"I always find those characters are funny to me, although I must say, as wrong as Cassady seemed at times, a lot of the stuff he did actually worked, so you're never quite sure how truly or not with it this guy is."
Some of the funniest moments in the film come when Cassady refers to himself as a Jedi, something the original military unit actually called themselves.
"None of us realised when we read the script and when we'd hired Ewan, that Ewan had actually been a Jedi [in Star Wars]. It was in the script and it's actually what they called themselves," explains George.
"So we were doing this scene in the hotel room where Ewan volunteers to come to Iraq and he says, 'Who's a Jedi?' and I go, 'I am' and we just sat there and looked at each other a minute and started laughing. It was like, 'Holy s**t, we're idiots' and then we thought, 'We're going to get a lot of c**p for that' but it wasn't something we planned at all."
George was born to a beauty queen mother and news presenter father, and grew up in a small town in Kentucky. When he was 21, he moved to Los Angeles and spent a decade as a struggling actor, with roles in TV pilots that never became full series.
Then came his big break in ER.
"Look, everything we do is luck and the truth of the matter is, I ended up on a television show that was averaging 40 million people a week. Today you hear numbers in the States about American Idol getting 17 million viewers. We were averaging episodes that did close to 50 million people in a week. That's a lot, that makes you famous no matter what you do.
"So pretty quickly, all of us on that show sort of immediately became famous," George continues, gearing up into story-telling mode.
"It was a funny thing because literally the week before the show came out, we were at Smokehouse, the restaurant across the street, and Tony Edwards had a brand new baby, we were all dressed in our doctors smocks and we walked across from Warner Bros to eat.
"And Tony gave the baby half a French fry and the baby started to choke and we're all wearing our doctors outfits and nobody knows who we are and we're all actors who are like, 'Somebody do something' and all these people were like seriously, 'You guys are doctors, you do something' and we were like, 'Help him'.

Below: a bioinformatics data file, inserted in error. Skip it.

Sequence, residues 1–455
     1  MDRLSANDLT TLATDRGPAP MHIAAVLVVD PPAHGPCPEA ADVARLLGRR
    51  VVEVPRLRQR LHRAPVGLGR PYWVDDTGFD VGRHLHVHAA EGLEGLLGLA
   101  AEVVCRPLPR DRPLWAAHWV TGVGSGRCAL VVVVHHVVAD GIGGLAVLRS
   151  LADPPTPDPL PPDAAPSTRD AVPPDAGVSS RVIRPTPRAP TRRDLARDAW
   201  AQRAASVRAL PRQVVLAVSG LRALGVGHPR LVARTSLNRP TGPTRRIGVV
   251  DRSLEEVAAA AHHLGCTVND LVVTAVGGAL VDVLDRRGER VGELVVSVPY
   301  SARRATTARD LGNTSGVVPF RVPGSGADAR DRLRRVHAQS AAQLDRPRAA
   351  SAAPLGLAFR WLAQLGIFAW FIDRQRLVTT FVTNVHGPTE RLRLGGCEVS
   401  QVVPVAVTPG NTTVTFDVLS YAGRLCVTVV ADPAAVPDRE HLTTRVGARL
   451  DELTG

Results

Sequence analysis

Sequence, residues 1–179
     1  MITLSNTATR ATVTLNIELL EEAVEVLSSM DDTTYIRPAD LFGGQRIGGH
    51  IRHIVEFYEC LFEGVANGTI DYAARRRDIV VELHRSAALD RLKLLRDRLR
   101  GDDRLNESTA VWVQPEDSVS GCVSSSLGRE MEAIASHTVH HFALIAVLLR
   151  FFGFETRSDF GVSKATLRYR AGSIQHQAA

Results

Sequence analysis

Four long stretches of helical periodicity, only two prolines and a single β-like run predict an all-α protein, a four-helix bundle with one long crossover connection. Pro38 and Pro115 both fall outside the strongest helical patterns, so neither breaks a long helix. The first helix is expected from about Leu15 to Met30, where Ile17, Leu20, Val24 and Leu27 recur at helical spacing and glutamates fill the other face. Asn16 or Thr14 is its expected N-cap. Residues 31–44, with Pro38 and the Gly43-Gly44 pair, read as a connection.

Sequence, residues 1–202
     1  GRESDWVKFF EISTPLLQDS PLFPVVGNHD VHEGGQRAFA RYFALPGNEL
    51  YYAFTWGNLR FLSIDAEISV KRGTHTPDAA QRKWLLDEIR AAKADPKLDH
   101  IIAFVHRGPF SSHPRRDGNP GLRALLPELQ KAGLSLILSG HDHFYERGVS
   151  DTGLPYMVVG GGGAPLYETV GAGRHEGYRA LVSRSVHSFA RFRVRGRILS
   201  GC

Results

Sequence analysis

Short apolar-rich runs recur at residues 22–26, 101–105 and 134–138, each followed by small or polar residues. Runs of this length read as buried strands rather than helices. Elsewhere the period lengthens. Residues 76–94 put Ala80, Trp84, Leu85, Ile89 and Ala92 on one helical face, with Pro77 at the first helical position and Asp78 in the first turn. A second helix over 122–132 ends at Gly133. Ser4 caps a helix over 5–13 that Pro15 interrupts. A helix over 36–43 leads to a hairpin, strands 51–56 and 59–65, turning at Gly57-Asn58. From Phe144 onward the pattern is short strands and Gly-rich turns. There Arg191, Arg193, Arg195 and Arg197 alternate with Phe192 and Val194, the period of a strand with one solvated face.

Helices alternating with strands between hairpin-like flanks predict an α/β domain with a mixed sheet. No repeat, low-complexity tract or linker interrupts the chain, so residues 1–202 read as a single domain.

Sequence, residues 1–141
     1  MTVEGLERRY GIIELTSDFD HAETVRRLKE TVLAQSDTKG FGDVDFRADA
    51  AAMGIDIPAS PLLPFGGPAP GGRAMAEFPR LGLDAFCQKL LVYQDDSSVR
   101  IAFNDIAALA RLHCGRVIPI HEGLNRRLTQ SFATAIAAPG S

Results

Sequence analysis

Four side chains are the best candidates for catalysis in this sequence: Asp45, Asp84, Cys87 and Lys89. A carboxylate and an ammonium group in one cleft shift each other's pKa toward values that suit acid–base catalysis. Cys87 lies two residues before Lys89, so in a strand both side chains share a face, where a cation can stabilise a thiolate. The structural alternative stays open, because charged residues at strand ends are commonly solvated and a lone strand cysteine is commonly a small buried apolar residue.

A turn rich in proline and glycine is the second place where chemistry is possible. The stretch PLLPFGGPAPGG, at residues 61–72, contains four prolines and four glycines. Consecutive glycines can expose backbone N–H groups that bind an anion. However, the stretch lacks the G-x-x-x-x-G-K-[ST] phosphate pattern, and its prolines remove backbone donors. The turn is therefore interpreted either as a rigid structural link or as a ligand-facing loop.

"And about a week later, they figured out who we were. So it was sort of an overnight thing for us after twelve years of doing really bad television."
Fifteen years on, and with his work at the latest film festival over, George is currently in Italy - where he has a villa on Lake Como - making another movie with co-producer Grant Heslov, a hit man story called The American.
Come January, Clooney is bound to be among the names touted for awards glory, but with so many films out at the moment, does he feel like he's competing with himself?
"I have been competing with myself for years," he jokes. "A lot of the time when it seems like you're bringing out films for awards season, you're really doing it because it's actually when grown-up films come out. It's not easy to bring out a film like The Men Who Stare At Goats in the summer. It sort of gets swallowed up and it's not easy to bring it out in February necessarily, because it's sort of a dead zone time for films, so this is really about the right time for the film to come out."
As for his future projects, George is back to his joking best.
"No more farm animals and no more children, that's my new motto."
Extra time - George Clooney
He was born in Kentucky. His father was a "news man", who he says has been the most influential person in his life.
George is known for being a joker on set. During gaps in filming on The Men Who Stare At Goats, he had rubber-band fights with his co-stars Ewan McGregor and Kevin Spacey.
He is good friends with Matt Damon, his co-star in the Ocean's trilogy. When Matt recently stayed with him in his Italian villa, George took in the waistband of Matt's trousers everyday to make him think he was putting on weight.
George was briefly married to Talia Balsam in 1989 and has since been involved with a number of women, including former Las Vegas waitress Sarah Larson.